MailLift Hand-written Letters to your Leads and Customers

Recently I tried out to try MailLift. Mailift, in their own words is: is a handwriting service for marketers and sales people.

It's pretty darn simple and pretty cool. You can try it for yourself for free by sending yourself one letter.

Update (about a day after publishing): This wasn't really a review because I didn't fully try the product. But I think it's fair that I give you a few more thoughts about MailLift that would make this a little more fitting of my reviews.

The service is great, just from trying the free "mail yourself a card" trial. The company contacted me within an hour after I sent in my request. They called me up by phone, to check up on everything and to confirm that the letter was on its way.

All the way up to me writing this post, my interactions with them have been extremely pleasant. As a startup, these guys are hungry, and I hope that this culture and drive they have lasts a long time.

It seems logical that a company that sends custom hand-written notes to your customers to make them feel all warm and fuzzy would make you feel warm and fuzzy when you deal with them as a customer. That is absolutely the case with these guys so by all means, give them a try and if you need them use them. I don't think you'll regret it.

 

This is the envelope of mine...

picture of a MailLift envelope
MailLift cards are handwritten and human-postmarked

I'm showing you the envelope first because first impressions are important. Most of the mail I get at my mailbox or post office is junk mail. And you can usually tell that it is junk mail by the type of postage used.

Whenever you see "presorted" or "PRSRTD" chances are it is junk, so is almost everything else. But an easy way to spot a legitimate piece of mail is to see a real postage stamp and handwritten addresses and return address.

So this will get most people's attention. This is why I like MailLift. I don't love it because the price may be out of some people's budgets a bit high per letter. But if a sale is worth several thousand dollars in commissions or profit then it's worth sending a note using these guys.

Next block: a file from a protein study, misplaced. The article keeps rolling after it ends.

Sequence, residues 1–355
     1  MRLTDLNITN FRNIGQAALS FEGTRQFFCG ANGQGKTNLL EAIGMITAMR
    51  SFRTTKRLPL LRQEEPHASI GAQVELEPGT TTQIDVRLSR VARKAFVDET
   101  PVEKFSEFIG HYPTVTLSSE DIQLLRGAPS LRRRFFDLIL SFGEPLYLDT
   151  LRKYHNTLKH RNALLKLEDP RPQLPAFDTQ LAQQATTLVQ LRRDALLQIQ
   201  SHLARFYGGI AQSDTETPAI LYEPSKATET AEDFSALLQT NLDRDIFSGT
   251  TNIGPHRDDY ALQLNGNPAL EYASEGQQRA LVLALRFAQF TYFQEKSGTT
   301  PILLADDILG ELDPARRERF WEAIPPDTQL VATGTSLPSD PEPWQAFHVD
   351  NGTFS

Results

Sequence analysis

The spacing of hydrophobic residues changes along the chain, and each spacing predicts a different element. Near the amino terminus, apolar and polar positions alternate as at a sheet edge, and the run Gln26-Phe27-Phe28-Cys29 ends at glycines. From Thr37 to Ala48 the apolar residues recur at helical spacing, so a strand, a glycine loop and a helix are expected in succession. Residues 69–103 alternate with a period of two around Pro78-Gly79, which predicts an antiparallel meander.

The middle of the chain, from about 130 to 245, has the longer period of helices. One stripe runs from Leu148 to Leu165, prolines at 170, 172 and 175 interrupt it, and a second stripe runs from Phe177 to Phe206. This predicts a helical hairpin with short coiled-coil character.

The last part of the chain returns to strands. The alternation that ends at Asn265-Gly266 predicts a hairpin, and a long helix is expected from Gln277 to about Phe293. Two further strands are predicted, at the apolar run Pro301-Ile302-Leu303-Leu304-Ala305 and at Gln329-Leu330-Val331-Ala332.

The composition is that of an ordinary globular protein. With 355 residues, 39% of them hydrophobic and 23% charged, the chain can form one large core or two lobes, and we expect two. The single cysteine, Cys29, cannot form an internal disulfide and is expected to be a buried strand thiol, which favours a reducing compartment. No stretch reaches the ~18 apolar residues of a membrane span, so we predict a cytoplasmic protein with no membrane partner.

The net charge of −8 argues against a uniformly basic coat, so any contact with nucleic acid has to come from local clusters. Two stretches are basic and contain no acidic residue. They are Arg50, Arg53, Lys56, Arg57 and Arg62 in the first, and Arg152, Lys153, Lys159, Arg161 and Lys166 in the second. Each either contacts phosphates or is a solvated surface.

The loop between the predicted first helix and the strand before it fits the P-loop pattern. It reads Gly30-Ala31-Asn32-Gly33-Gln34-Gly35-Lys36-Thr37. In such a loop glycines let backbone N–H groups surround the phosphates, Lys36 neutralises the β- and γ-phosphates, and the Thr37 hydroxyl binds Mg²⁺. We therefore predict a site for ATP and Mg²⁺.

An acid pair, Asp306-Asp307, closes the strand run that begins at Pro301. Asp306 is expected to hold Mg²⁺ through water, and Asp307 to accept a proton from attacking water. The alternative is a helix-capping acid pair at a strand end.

The free letter you get looks like the one below:

Picture of Maillift's handwritten letter
Maillift letter sent to me. Nicely written and clearly hand-written.

The other reason I don't love these guys yet, but still like them is because they remind me that I should be sending these out anyway and I could be doing them on my own. A pack of 12 cards costs 5 - 8 bucks and postage for all those should total you to less than 10 dollars.

We could be sending these out to all our leads and customers, but we don't so maybe there's even a bit of resentment there because MailLift makes it so easy to get this done, but it comes at a price. And it reminds me of my procrastination, ha!

But I just wanted to introduce you to them, check them out at MailLift.com and give them a try, they could be a great tool for your business in this upcoming Summer season and beyond.

They don't have an affiliate program yet, and I was told that they'll look at the possibility when and if they see interest later on but no plans for it as of yet. Kind of an egg & chicken proposition kind of thing right? But in any case what do you think about these guys?

2 Comments

  1. It is more personable and you’ll definitely have more prospects read it before throwing it in the round file. I have you used this approach in selling to doctors and almost 9 times out of 10 that handwritten note gets read. Good stuff Oscar. Thanks.

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